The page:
Lessons may be drawn by looking at collaboration results and legal research in the areas of AMR and Sustainable Wildlife Management (SWM).  Both areas are directly relevant to the One Health approach and the regulatory techniques and approaches used to address them could serve as inspiration for One Health governance at the international and national levels.  
The evolution of international guidance and global governance on AMR, the quintessential One Health topic, is witnessing the establishment of a One Health Global Leadership Group on Antimicrobial Resistance. This body functions as an Independent Panel on Evidence for Action against Antimicrobial Resistance as well as a multi-stakeholder platform1 and its establishment follows recommendations of the Interagency Coordination Group (IACG)2 on AMR, the Tripartite (FAO, OIE and WHO) and UNEP. In 2015, a Global Action Plan (GAP AMR) was approved as the basis of coordinated international support3. More recently, the IACG recommended that countries develop a Global Development and Stewardship Framework to combat AMR.  It also prompted Members to consider the need for new international instruments4.  These developments provide useful examples of (a) a participatory governance structure involving the policy, scientific and stakeholder worlds, and (b) the idea of developing an international soft law instrument to lay down principles for harmonized action, which could be replicated elsewhere.  
At the national level, the GAP AMR recommended that countries develop a National Action Plan5 to provide national resource bases and to establish “multi-sectoral coalitions” to address AMR in national governance6. To support the development of national regulation, LEGN is working in close collaboration with the OIE and WHO, with inputs from UNEP, on the development of a One Health Tool to assess AMR-relevant legislation. This Tool adopts a One Health approach to identify the legal areas and the elements across those areas that are relevant for AMR. The methodology and regulatory solutions resulting from this work could serve as basis for the development of regulatory solutions that could be applied to all sectors and objectives relevant to One Health.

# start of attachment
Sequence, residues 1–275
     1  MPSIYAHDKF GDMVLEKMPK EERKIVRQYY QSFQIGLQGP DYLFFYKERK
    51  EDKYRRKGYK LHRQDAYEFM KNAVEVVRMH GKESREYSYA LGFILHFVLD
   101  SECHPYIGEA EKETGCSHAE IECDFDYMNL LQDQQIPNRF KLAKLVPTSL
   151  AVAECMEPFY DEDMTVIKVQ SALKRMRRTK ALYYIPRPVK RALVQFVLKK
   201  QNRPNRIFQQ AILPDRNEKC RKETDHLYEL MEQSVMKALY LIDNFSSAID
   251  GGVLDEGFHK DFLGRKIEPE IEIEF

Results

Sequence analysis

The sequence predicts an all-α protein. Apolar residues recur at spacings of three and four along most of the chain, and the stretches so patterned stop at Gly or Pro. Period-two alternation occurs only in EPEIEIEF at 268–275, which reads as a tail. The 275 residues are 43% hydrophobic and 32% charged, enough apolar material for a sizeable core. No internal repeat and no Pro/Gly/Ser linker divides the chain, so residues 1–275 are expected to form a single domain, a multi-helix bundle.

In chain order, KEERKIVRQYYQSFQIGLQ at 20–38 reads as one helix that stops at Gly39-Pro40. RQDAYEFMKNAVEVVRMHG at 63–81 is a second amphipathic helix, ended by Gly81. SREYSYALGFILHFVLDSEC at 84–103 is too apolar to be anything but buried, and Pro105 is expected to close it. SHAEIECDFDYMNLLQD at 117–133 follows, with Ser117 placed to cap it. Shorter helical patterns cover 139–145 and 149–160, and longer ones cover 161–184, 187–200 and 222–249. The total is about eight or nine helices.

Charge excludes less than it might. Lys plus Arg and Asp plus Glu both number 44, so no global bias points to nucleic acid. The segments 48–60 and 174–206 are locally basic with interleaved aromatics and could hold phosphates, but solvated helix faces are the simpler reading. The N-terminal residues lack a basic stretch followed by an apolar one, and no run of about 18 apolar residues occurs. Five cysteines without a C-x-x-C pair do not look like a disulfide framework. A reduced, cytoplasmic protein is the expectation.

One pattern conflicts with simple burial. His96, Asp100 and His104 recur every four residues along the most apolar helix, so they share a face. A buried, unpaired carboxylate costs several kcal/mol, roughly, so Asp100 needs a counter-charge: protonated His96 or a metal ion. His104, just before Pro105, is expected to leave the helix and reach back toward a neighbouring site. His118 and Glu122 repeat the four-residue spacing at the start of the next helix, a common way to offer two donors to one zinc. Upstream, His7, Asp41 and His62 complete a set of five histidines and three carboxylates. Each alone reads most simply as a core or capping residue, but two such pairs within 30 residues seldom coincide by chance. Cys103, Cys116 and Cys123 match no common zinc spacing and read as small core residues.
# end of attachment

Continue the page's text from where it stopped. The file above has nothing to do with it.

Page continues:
In addition, as part of its work within the Sustainable Wildlife Management Programme (SWM), LEGN has led, along with SWM Programme’s partners, the development of a SWM Legal Hub7 that provides country-specific, cross-sectoral analysis of legal instruments relating to multiple agri-food systems. The platform is organized around topics relevant for One Health that range from land and wildlife tenure to wildlife consumptive and non-consumptive use, from animal production and health to food safety. The platform allows users to compare national legislation across sectors and highlight any disconnects or synergies. Moreover, the recently issued white paper “Build Back Better in a post-COVID-19 world: Reducing future wildlife-borne spillover of disease to humans”, co-authored by LEGN, has identified a series of options to prevent, detect and respond to any upcoming disease outbreaks, in line with the One Health Approach, where the work on the regulatory framework represents a recurring theme.